A cannabis company, which was allegedly used to divert investor funds to another firm that never repaid them, has settled with regulators for disclosure violations.
Ontario’s Capital Markets Tribunal approved a settlement between staff of the Ontario Securities Commission (OSC) and Canada Cannabis Corp. (which became Canadian Cannabis Corp. following a reverse takeover) and its former CEO, Benjamin Ward, who admitted to violating securities laws when the company issued offering memoranda that contained misleading statements.
According to the OSC, in 2014, the company raised approximately $3.2 million and US$8.8 million from investors through private placements, ostensibly to finance its operations.
However, the regulator alleged that some of that money was used to finance the transfer of $4 million (a $3 million loan and $1 million equity investment) to another firm, Growlite Canada, which was owned by one of the founders of CCC.
The OSC alleged that some of the money that went to Growlite was ultimately diverted, and that the loan to Growlite was never paid back and was eventually written off.
After the settlement with CCC and Ward, allegations against two other men — Silvio Serrano and Peter Strang, who were vice-presidents with Canada Cannabis and allegedly benefited from the diversion of investor funds — remain outstanding.
Those allegations haven’t been proven.
“Between February 2014 and August 2016, funds were directed away from the business of Growlite Canada to the benefit of Mr. Serrano, Mr. Strang, their families or companies controlled by them,” the tribunal noted in its reasons setting out the allegations.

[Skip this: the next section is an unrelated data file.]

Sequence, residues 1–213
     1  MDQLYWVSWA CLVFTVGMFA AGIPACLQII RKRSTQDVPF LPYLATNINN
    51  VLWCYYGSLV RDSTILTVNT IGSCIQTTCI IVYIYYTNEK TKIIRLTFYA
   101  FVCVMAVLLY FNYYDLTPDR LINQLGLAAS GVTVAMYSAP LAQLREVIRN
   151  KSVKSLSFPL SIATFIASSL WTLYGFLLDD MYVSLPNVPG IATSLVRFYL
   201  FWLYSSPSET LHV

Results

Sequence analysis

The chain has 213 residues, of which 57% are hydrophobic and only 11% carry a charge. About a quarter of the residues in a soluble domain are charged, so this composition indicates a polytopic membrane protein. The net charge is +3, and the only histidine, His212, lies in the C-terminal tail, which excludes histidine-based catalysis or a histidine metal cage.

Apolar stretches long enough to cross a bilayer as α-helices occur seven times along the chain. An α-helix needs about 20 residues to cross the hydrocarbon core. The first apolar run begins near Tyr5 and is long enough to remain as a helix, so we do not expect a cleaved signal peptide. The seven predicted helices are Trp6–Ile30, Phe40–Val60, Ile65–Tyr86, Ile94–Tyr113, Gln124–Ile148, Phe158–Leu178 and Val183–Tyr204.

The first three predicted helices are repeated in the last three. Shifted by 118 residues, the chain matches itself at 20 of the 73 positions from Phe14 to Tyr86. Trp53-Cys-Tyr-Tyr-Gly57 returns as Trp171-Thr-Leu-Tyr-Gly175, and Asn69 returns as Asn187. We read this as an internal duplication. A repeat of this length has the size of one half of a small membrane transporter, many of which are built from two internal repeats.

In the meantime, the OSC has now settled allegations that relate only to the offering memoranda that CCC used to raise funds from investors, which CCC and Ward admitted contained misleading information — including misleading disclosure about Growlite, failing to disclose that it did not independently value Growlite, and failing to disclose that the company was not overseeing the financing provided to Growlite, among other things.
Under the settlement with CCC and Ward, the companies are to permanently cease trading and banned from registration, and Ward is banned for six years, and agreed to pay $10,000 in costs — but no financial sanctions are ordered against them.
In approving the settlement with no administrative monetary penalty, the tribunal said the agreement is “within a reasonable range” because of the “significant non-monetary sanctions” in the context of the entire settlement.
It also noted that the company agreed to admit to a breach that was not specifically alleged, but that covers its role in the overall conduct relating to the offering memoranda, and that Ward admitted to allowing this breach to happen.
“Staff and the settling respondents have agreed to facts that both narrow and expand upon the facts pleaded in the statement of allegations,” it said.
The tribunal also noted that Ward did not receive any of the money that went to Growlite, and that, “a disgorgement order is not necessary in these circumstances.”
By settling, CCC and Ward “have recognized their wrongdoing and accepted accountability,” the tribunal said; adding that the settlement will save the regulator the time and cost involved with a contested hearing.
“At the time CCC agreed to the Growlite transaction, Ward believed the Growlite transaction was in the best interests of CCC and its investors. Ward admits that he should have done more diligence,” the settlement said.